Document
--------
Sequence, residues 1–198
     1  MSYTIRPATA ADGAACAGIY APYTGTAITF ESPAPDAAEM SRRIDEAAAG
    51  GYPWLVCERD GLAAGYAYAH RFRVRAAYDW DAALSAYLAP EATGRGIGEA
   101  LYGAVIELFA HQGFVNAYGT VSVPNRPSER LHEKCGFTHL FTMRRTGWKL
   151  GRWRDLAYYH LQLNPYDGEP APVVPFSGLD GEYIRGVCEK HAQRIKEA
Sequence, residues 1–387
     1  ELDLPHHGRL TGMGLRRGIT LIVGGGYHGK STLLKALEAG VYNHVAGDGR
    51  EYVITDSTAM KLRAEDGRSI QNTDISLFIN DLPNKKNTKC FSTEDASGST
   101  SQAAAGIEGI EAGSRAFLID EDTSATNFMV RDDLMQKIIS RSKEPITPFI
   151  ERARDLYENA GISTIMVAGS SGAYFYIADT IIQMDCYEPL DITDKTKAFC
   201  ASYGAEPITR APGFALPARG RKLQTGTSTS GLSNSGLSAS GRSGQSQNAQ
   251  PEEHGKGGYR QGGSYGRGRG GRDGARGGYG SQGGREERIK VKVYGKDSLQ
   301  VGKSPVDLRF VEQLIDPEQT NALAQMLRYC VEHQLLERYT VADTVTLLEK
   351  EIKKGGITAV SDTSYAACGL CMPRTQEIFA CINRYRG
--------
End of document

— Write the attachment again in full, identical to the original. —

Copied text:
Sequence, residues 1–198
     1  MSYTIRPATA ADGAACAGIY APYTGTAITF ESPAPDAAEM SRRIDEAAAG
    51  GYPWLVCERD GLAAGYAYAH RFRVRAAYDW DAALSAYLAP EATGRGIGEA
   101  LYGAVIELFA HQGFVNAYGT VSVPNRPSER LHEKCGFTHL FTMRRTGWKL
   151  GRWRDLAYYH LQLNPYDGEP APVVPFSGLD GEYIRGVCEK HAQRIKEA
Sequence, residues 1–387
     1  ELDLPHHGRL TGMGLRRGIT LIVGGGYHGK STLLKALEAG VYNHVAGDGR
    51  EYVITDSTAM KLRAEDGRSI QNTDISLFIN DLPNKKNTKC FSTEDASGST
   101  SQAAAGIEGI EAGSRAFLID EDTSATNFMV RDDLMQKIIS RSKEPITPFI
   151  ERARDLYENA GISTIMVAGS SGAYFYIADT IIQMDCYEPL DITDKTKAFC
   201  ASYGAEPITR APGFALPARG RKLQTGTSTS GLSNSGLSAS GRSGQSQNAQ
   251  PEEHGKGGYR QGGSYGRGRG GRDGARGGYG SQGGREERIK VKVYGKDSLQ
   301  VGKSPVDLRF VEQLIDPEQT NALAQMLRYC VEHQLLERYT VADTVTLLEK
   351  EIKKGGITAV SDTSYAACGL CMPRTQEIFA CINRYRG